At present, the treatment of CAS plaques mainly includes tertiary drug therapy (antiplatelet, lipid lowering, and blood pressure control) and surgical treatment (carotid endarterectomy; carotid artery stenting) [5, 6]. Vascular stent implantation directly covers unstable plaques, and there is a risk of restenosis after vascular stent surgery, while carotid endarterectomy has not been widely available in China. Statins, the most commonly used lipid-lowering drugs also have shortcomings. The SPARCL study [7] showed that high-dose atorvastatin calcium tablets (80 mg) only reduced the stroke recurrence rate by 16% over 5 years compared with placebo but increased the risk of haemorrhagic stroke. Statins also have other side effects, such as liver damage, muscle damage, and so on [6, 8, 9]. Therefore, there is still a lack of safe and effective drugs for treating CAS-vulnerable plaques.

Traditional Chinese Medicine is widely used as a secondary prevention in various types of chronic diseases in China, including atherosclerosis (AS). In the theory of traditional Chinese Medicine, the plaque is considered to be a tangible pathological factor (tangible evil) that is a pathological product of phlegm and blood stasis. The C-117 formula has been patented (Chinese Patent, application no. 201610326186.9) and consists of four kinds of herbal and insect medicine (Hirudo (ShuiZhi), Atractylodis Rhizoma (CangZhu), Curcumae Zedoary (EZhu), and Endothelium Corneum Gigeriae Galli (JiNeiJin)), which might remove blood stasis and clear phlegm, making the meridian smooth again. Traditional Chinese Medicine theory believes that animal medicine has stronger pharmacological activity than botanical medicine. Hirudo and Endothelium Corneum Gigeriae Galli are animal medicines that have the effect of removing a disease from the deep meridians and making the meridians smooth. Modern pharmacology believes that they can anticoagulation, inhibit endothelial cell proliferation, and antioxidation, and regulate blood lipids [1013]. Years of clinical practical experience has shown that the Herbal Medicine C-117 formula might stabilize plaques or reduce the area of vulnerable plaques. The preexperiment, a small sample size and nonrandomized controlled study, showed that compared to treatment with atorvastatin calcium tablets alone, combination therapy with the C-117 formula was more effective in reducing the carotid IMT (F=30.806, P≤0.001), plaque Crouse score (F=11.815, P=0.001), and plaque area [14].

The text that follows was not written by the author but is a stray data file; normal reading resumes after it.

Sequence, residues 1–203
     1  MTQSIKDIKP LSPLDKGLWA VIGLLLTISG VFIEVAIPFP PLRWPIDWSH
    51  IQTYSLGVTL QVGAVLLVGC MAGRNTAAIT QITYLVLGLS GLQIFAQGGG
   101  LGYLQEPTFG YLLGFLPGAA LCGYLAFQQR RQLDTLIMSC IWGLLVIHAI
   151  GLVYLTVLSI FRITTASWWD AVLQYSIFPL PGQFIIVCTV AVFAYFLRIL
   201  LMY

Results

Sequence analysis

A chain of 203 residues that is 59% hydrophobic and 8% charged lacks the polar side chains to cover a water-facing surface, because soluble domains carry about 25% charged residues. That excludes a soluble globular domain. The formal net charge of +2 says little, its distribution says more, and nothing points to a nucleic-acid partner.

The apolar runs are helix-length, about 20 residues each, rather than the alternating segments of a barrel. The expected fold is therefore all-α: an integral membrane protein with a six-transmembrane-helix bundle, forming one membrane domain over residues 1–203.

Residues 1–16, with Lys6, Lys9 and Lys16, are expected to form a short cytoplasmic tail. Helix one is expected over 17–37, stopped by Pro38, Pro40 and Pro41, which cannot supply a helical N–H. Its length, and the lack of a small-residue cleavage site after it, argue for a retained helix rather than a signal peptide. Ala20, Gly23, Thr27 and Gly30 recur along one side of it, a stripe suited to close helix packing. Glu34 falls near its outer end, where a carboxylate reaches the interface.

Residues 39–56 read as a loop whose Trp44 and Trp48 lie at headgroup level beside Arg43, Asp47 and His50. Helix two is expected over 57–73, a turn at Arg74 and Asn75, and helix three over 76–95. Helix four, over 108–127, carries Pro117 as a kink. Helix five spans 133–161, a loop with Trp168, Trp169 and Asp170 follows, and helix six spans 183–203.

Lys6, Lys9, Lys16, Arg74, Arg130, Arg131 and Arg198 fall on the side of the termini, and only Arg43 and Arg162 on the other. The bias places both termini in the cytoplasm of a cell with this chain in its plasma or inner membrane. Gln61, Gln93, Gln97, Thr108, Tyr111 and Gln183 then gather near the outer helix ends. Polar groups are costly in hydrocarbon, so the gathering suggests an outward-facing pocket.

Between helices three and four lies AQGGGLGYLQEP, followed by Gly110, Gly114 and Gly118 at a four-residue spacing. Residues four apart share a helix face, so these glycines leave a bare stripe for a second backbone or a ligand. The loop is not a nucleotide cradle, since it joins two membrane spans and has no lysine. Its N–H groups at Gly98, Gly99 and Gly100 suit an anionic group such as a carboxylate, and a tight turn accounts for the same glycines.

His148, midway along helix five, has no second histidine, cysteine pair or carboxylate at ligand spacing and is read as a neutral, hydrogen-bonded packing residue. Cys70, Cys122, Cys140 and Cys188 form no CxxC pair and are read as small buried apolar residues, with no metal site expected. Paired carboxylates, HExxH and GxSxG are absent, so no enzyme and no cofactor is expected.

However, there is still a lack of well-designed clinical trial evidence. Therefore, we designed a single-centre, prospective, randomized, double-blind, and placebo-controlled clinical trial to evaluate the safety and efficacy of the C-117 formula.

2. Methods

2.1. Setting and Study Population

This study was a single-centre, prospective, randomized, double-blind and placebo-controlled clinical pilot trial with two parallel groups. The study received ethical approval from the Ethics Committee of Guangdong Provincial Hospital of Chinese Medicine (Ethical Review no. Y2016-001) and was registered with ClinicalTrials.gov (ClinicalTrials.gov ID: NCT03072225).

All participants were recruited by posters in the hospital or in the hospital’s WeChat official account ads. All patients in the screening session were informed of the protocol and signed a consent form. A total of 120 eligible patients who had hyperlipidaemia and vulnerable carotid plaques (Table 1 shows the detailed eligibility and exclusion criteria) were randomly divided into the C-117 formula group and the placebo group according to a 1:1 ratio and received a 6-month treatment.

Table 1: Study inclusion and exclusion criteria.
2.2. Randomization and Blinding

The participants were assigned at random to one of the two treatment groups at a ratio of 1:1. Block randomization is generated and stratified by the PROC PLAN process using the SAS software version 9.2. The stochastic allocation procedure was saved in the Key Unit of Methodology in Clinical Research of Guangdong Province Hospital of Traditional Chinese Medicine (KYMCRGOHTCM). Stratified block randomization was concealed using a sequentially numbered and opaque envelope.

Eligible patients were randomized into the C-117 formula group or the placebo group by obtaining medicines associated with the given drug codes in accordance with the order of visits. Participants, investigators, statisticians, and all study staff were blinded. Only the data administrators were permitted access to the unblinded data.

2.3. Interventions

All eligible patients received the basic treatment according to the Guidelines for Secondary Prevention of Ischemic Stroke/Transient Ischemic Stroke in China 2014 [15], including treatment of basic diseases (control of hypertension, diabetes, hyperlipidaemia, and other diseases) and establishment of a good lifestyle.